Formula 1 will start its 2020 season with a pair of triple-headers in Europe, including a second race at Silverstone that will be called the 70th Anniversary Grand Prix.
As reported by The Race last weekend, Austria’s government has given the go-ahead for back-to-back races at the Red Bull Ring to start the season on July 5 and July 12.
F1 will then travel to Budapest for the Hungarian Grand Prix on July 19, completing the first triple-header.
Two races on successive weekends at Silverstone on August 2 and August 9 will kick off the next trio of races, before the Spanish Grand Prix.
The second Austrian race will be called The Steiermark Grand Prix.
Red Bull owner Dietrich Mateschitz said the pair of races would send “a strong sign of feasibility to the whole world”.
Team boss Christian Horner said Red Bull had “pulled out all the stops” to make the double-header happen.
“It has been a huge effort by all involved and the two events at the Red Bull Ring will be a blueprint for all other races to follow,” he said.
“There was obviously a huge amount of discussion behind the scenes with Liberty, the FIA and the local authorities to ensure that returning to racing is done responsibly and we all have our part to play in order to enforce the measures in place.”
The second Silverstone race will be titled the 70th Anniversary Grand Prix, marking F1’s 70th year since the opening world championship – which started at Silverstone in 1950.
After another weekend off, F1’s European leg will provisionally be completed by a pair of races in Belgium and Italy.
Chase Carey, Chairman and CEO of F1, said: “In the past weeks we have been working tirelessly with all our partners, the FIA and the teams to create a revised opening 2020 calendar allowing us to restart racing in the safest possible way.
“We are pleased to be able to set out our opening eight-race calendar today and look forward to publishing our full calendar in the coming weeks.
“I want to thank every promoter and partner for their support and ongoing commitment to Formula 1.
“While we currently expect the season to commence without fans at our races we hope that over the coming months the situation will allow us to welcome them back once it is safe to do, but we know the return of Formula 1 will be a welcome boost to sports fans around the world.”
F1 says it hopes to publish a final, full calendar “in the coming weeks” and expects to hit its target of 15 to 18 races.
Germany’s potential return to the calendar having originally been dropped for 2020 has not materialised yet, even though F1 wanted to bolster the European leg of the season and is waiving the usual hosting fees as these grands prix cannot be held with fans.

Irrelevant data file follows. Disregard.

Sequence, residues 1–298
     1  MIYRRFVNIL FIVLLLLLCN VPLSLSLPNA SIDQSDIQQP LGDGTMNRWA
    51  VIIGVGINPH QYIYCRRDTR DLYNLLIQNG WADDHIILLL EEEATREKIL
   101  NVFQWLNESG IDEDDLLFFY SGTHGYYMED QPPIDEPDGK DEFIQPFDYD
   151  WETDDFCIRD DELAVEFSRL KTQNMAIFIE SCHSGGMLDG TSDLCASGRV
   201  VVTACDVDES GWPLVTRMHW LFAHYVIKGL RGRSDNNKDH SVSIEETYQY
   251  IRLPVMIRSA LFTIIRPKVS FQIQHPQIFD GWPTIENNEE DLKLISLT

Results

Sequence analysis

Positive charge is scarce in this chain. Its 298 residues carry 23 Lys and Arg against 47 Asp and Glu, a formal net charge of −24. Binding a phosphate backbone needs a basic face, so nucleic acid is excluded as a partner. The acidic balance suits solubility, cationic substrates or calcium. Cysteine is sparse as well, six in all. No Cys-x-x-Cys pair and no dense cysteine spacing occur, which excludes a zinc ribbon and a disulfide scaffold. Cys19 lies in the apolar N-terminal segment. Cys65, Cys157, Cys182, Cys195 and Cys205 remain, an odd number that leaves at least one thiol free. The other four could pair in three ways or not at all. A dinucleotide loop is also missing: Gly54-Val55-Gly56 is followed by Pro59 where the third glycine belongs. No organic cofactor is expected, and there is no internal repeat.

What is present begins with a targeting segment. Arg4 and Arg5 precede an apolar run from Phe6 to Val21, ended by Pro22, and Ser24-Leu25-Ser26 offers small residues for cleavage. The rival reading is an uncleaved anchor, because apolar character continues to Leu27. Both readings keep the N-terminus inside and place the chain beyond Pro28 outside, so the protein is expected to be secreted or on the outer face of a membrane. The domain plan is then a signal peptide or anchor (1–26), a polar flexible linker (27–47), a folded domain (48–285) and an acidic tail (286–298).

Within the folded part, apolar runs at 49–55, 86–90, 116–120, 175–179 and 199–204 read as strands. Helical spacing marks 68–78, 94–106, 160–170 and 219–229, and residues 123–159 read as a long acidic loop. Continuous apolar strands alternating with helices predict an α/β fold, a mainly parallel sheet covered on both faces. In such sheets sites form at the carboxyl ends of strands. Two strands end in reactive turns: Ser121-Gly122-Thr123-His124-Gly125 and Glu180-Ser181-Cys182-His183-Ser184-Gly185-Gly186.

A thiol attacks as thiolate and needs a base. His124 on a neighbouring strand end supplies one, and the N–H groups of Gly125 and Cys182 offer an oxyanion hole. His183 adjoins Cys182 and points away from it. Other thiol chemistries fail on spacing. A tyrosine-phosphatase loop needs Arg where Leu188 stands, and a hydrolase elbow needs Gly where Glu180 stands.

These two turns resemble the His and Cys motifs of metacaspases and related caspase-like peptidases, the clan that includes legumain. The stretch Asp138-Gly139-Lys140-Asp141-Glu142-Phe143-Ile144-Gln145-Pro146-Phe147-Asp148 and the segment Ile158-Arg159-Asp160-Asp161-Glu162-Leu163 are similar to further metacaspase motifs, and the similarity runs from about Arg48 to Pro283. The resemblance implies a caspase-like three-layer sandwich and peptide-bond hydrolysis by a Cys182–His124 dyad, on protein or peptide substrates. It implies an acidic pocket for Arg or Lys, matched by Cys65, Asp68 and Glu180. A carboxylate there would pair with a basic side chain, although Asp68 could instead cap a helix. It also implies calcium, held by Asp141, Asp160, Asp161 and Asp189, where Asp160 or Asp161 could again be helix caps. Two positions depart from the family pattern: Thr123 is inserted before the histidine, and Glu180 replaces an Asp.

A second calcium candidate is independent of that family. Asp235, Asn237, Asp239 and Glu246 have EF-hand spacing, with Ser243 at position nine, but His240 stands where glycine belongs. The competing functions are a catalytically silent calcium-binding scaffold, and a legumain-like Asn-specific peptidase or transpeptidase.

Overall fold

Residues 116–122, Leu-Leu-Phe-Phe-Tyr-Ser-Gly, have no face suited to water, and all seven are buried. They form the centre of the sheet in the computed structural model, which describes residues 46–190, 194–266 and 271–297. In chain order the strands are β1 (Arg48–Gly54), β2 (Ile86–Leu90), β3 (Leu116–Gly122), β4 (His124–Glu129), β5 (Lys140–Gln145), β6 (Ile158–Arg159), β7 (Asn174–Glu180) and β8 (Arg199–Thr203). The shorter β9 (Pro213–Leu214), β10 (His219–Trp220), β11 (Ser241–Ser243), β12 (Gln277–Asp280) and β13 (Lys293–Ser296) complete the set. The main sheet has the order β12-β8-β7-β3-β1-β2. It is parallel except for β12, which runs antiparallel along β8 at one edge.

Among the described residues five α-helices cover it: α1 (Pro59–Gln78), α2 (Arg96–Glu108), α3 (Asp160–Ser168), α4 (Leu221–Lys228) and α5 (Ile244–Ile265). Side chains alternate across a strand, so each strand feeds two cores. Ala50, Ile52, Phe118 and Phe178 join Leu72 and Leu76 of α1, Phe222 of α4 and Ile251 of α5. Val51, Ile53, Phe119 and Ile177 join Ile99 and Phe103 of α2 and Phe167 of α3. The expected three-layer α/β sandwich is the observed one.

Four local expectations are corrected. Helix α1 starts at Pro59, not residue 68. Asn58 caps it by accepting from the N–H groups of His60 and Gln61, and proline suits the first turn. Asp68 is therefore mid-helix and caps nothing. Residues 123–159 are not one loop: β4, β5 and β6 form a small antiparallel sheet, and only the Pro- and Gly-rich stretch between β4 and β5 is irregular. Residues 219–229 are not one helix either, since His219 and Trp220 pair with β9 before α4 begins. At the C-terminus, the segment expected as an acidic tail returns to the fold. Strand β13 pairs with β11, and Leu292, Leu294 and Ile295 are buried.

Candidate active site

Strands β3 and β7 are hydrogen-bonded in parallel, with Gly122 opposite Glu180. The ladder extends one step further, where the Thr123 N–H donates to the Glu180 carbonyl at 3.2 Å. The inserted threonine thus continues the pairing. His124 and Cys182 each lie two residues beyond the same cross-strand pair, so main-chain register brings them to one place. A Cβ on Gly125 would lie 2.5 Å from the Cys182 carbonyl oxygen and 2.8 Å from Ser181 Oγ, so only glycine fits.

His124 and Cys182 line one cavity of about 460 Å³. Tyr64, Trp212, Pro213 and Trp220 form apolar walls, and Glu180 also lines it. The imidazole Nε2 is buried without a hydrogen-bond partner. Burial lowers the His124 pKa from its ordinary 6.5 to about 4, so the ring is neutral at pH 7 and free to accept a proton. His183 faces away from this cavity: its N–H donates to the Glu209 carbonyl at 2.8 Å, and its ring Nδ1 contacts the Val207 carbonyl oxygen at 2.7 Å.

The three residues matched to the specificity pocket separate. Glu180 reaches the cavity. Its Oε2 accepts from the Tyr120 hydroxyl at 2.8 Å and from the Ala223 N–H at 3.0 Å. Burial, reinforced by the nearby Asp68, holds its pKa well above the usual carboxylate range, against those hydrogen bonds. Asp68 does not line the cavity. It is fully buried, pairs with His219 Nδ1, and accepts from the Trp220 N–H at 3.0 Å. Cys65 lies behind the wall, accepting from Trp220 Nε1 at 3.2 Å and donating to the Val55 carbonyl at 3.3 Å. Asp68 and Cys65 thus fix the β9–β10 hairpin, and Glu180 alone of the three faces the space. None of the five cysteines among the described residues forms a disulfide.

Further races are to be announced shortly and the Italian Grand Prix on September 6 may not even be the end of the European schedule.
F1 is yet to communicate a calendar beyond that point because it is unclear which races will be willing and able to be held.
In theory, two weeks after the Italian GP the Azerbaijan GP would take place instead of the race in Singapore, which makes little sense to run without fans in attendance given it is a city race, requires government funding and is a long and complex set-up.
However, Baku follows the same principles, so it is unclear if an Azerbaijan race would be possible behind-closed-doors either.
Russia is another unknown. It has reported the third-highest number of Covid-19 cases, although the number of deaths it has confirmed is much lower than many countries and Sochi is well-positioned to house the F1 community in isolation.
Beyond these events F1 hoped to take in races in Asia and the Americas, then end the season with a run of races across Vietnam/Bahrain/Abu Dhabi.
But if races outside of Europe look shaky for September, Italy is pushing for F1 to grant it a second grand prix.
According to reports in the Italian media, this would either be at Monza again, Imola or Mugello.
“We are working to be able to have a second race in Italy,” Angelo Sticchi Damiani, president of Italy’s motorsport governing body, said.
“We have three tracks that are able to host another GP. Imola and Mugello, as well as Monza.”
L’Automobil Club d’Italia has informed Monza that it has struck a deal with F1 to extend the Italian GP’s contract by one year to 2025.
This has been represented in the Italian press as a ‘reward’ for what Sticchi Damiani has called a “tenacious” defence of hosting a race at Monza this year, even though it has to be behind-closed-doors.
Like the other races that are not allowed to have spectators in attendance, Monza will not have to pay its hosting fee – reported to be around €20m – and will have a small contribution of around €1million from Liberty to help with the costs of running the grand prix.
Liberty does not claim the payment of the fee and grants a modest contribution (around €1 million), as well as allowing the racetrack to manage a share of its sponsorships during the event.